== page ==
This week is Responsible Gambling Awareness Week. It may surprise you to know a typical gambling client in Blacktown area is a woman aged in her late 40s, who has experienced a trauma, such as divorce or losing a parent. The men are 18, don’t make friends easily and are going to the pub to have a punt and appear ‘‘normal’’. ISABELL PETRINIC reports.
Matthew Aherne lost almost $1 million on gambling in 18 years.
"I remember winning $20,000 from $1000 in about five hours one night online; in about an hour-and-a-half I had lost $19,000 of it"
He destroyed four significant relationships, was stopped from seeing his two sons after threatening to take his own life, and lost his job.
But he didn't stop gambling until he ended up in hospital.
It's a date firmly etched in his memory: October 4, 2013.
That was the day doctors diagnosed Mr Aherne with acute severe depression and placed him on antidepressants.
"I started seeing [problem gambling counsellor] Michelle [Zavaglia] two weeks later," he said.
Through bi-weekly counselling sessions he has learnt to deal with the death of his sister 19 years ago.
Ms Zavaglia said trauma was predominantly a trigger for gambling.
In Mr Aherne's case, it was all forms of gambling — pokies, horses, sports, online, over-the-counter in pubs and clubs.
"I remember winning $20,000 from $1000 in about five hours one night online; in about an hour-and-a-half I had lost $19,000 of it," Mr Aherne said.
"Sometimes within an hour of being paid I'd gone to the club and lost it.
"When I stopped gambling I stopped watching sport and going into pubs and clubs to remove myself from any triggers."
He says he remembers getting his first taste of gambling on visits to the horse races with his dad as a 17-year-old.
"My father never bet over his head;
I was the opposite: I couldn't control it.
"For a long time my mother blamed my dad. I never did. I'm now at 7.5 months of no gambling.
"I'm seeing my children twice a week, rebuilding my relationship with my partner to whom I'm forever grateful for standing by me [and] I am back in gainful employment in financial services."
The bigger picture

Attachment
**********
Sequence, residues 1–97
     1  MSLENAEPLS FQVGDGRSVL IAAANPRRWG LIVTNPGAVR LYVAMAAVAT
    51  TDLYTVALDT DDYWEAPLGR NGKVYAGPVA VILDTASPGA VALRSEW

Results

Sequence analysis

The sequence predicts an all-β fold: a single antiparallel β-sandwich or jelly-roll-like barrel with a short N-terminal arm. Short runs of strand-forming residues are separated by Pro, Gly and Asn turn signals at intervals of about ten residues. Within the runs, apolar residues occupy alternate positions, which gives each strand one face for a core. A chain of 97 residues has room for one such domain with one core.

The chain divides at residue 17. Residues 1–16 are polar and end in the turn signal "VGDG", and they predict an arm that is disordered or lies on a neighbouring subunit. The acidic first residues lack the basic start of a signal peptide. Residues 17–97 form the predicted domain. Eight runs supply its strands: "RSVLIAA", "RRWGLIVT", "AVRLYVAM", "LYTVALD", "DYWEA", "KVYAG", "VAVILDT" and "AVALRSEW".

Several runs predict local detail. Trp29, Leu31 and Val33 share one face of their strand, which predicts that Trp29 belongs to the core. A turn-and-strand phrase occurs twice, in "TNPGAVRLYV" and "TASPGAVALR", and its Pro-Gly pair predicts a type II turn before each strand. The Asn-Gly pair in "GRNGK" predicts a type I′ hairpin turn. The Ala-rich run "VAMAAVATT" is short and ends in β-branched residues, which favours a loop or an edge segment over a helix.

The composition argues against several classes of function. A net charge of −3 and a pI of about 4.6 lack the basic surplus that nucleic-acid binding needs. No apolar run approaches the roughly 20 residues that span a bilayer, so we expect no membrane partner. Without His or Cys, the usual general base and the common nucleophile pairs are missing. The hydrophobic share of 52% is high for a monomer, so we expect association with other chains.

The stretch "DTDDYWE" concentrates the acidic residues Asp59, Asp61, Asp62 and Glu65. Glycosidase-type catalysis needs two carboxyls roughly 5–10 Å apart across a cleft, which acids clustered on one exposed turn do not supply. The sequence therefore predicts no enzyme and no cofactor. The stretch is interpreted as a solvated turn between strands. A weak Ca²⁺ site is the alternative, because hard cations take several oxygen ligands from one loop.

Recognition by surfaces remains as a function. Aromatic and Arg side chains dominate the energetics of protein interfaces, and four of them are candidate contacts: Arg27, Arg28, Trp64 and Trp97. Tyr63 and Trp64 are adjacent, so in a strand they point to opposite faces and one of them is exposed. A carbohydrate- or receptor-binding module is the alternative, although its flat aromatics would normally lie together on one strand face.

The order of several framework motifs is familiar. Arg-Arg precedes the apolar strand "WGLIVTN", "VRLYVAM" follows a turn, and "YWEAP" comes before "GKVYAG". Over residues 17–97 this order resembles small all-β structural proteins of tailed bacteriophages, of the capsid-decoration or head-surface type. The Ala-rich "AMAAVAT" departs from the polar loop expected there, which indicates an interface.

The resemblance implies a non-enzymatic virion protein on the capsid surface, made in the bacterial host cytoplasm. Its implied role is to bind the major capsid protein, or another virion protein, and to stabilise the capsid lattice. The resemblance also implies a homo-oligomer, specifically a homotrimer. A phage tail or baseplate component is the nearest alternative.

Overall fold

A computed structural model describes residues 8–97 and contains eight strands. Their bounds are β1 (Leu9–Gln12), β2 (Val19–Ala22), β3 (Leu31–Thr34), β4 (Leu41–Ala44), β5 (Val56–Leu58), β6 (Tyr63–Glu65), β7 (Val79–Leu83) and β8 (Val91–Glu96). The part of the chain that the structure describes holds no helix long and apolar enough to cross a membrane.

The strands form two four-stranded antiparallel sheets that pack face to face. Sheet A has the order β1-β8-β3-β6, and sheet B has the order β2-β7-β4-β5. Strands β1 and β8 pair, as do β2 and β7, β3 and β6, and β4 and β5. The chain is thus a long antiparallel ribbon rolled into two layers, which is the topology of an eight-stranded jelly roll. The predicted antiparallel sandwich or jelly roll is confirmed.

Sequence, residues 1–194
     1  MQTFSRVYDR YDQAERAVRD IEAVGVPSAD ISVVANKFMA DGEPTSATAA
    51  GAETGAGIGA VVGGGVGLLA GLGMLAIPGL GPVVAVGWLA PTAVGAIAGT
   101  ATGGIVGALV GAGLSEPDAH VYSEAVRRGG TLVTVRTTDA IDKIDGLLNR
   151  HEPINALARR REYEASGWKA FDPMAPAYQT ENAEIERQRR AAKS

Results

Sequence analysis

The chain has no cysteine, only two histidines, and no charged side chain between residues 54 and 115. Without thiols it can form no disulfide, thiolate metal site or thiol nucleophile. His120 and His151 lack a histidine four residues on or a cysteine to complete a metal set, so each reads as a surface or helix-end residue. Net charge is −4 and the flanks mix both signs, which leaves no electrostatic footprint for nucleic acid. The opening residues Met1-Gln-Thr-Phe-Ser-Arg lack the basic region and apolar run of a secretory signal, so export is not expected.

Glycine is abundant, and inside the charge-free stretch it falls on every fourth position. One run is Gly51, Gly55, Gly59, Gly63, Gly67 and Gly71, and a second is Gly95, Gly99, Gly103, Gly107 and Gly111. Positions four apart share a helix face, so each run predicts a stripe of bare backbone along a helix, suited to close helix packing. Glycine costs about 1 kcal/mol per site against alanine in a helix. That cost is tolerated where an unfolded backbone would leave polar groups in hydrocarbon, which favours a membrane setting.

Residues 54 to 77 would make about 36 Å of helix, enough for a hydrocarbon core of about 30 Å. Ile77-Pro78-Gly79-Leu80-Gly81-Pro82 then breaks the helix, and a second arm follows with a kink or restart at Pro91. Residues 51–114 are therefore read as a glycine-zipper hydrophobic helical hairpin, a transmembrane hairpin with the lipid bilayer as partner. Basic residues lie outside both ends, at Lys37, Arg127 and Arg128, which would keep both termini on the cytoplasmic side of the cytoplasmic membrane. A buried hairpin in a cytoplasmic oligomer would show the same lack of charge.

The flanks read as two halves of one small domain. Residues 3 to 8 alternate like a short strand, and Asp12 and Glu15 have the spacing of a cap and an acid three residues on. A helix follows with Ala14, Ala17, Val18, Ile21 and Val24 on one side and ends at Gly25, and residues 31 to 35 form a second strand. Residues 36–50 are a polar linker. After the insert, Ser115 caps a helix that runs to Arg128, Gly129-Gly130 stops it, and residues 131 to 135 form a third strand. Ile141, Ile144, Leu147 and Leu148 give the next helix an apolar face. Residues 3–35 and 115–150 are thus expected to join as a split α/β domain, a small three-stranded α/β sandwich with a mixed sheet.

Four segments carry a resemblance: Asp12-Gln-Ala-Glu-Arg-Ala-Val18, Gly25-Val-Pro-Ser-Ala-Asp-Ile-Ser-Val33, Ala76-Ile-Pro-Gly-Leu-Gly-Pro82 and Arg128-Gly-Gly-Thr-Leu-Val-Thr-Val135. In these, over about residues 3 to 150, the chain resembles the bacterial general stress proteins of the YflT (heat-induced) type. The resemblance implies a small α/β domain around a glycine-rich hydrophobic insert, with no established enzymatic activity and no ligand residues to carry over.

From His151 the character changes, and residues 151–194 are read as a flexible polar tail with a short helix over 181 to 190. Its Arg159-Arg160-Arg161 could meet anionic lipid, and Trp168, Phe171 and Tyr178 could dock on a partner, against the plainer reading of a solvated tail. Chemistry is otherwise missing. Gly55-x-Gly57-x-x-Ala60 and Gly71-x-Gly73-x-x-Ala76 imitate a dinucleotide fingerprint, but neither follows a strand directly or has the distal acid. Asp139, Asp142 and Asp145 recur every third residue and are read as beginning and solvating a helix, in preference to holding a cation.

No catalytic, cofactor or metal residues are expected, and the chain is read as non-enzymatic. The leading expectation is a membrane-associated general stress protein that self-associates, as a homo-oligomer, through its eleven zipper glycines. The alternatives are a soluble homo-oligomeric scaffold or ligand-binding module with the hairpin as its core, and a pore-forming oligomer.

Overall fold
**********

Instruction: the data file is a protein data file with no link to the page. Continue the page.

CatholicCare Social Services saw more than 300 gambling clients in the Blacktown and Parramatta local government areas — and rising.
"Gambling is, most of the time, a symptom of an underlying issue: boredom, social isolation, or relationship, financial or migrant issues"
"We see 10 new clients every month at the Blacktown office but this month and last month, the numbers definitely are rising," Shaila Kapoor, CatholicCare's gambling help counsellor at Blacktown, said.
"The increased accessibility of online gambling, especially among our youth, is a factor."
CatholicCare have seven part-time gambling and financial counsellors and a manager, who also counsels, available at Blacktown (Tuesday to Friday) and Emerton (Wednesday).
Ms Kapoor sees 20 people over four days each week.
A financial counsellor is also available at Blacktown (Monday-Saturday) and Emerton (Tuesday). After-hours appointments are available at Blacktown on Thursday nights and Saturday mornings.
"Some people have come here after 30 years of gambling; some have taken that step even before the gambling has become a problem," Ms Kapoor said.
"We see people every week for about 10 weeks and then follow up.
"Gambling is, most of the time, a symptom of an underlying issue: boredom, social isolation, or relationship, financial or migrant issues.
"We help them understand what led them to gamble in the first place, to identify the triggers, and how to handle their gambling urges."
Although heavy gamblers make up only 20 per cent of the country's gamblers, they account for almost 90 per cent of the total annual gambling spend of $16.3 billion, figures from the Roy Morgan Gambling Monitor say.
Funding for counselling services comes predominantly from the NSW Responsible Gambling Fund.
■CatholicCare: 5-59 Allawah Street, Blacktown, is open Tuesday 9am-7pm, Wednesday-Friday 9am-4pm, Thursday 9am-8pm, call 8822 2222; The Holy Family Centre, corner Emert Parade and Webber Crescent, Emerton, is open Wednesday 9am-5pm, call 8822 2222.
■Gamblers Anonymous: Meets Wednesday, 10.30am in the Presbyterian Church Room, 14 Marsden Road, St Marys (call Julie, 0404 468 810); meets Thursday, 7.30pm in the Holy Family Centre, 254 Luxford Road, Emerton, (call Laurie, 0433 018 484); or visit http://amgansw.org.au/
■Lifeline: Call the 24-hour crisis telephone line on 13 11 14.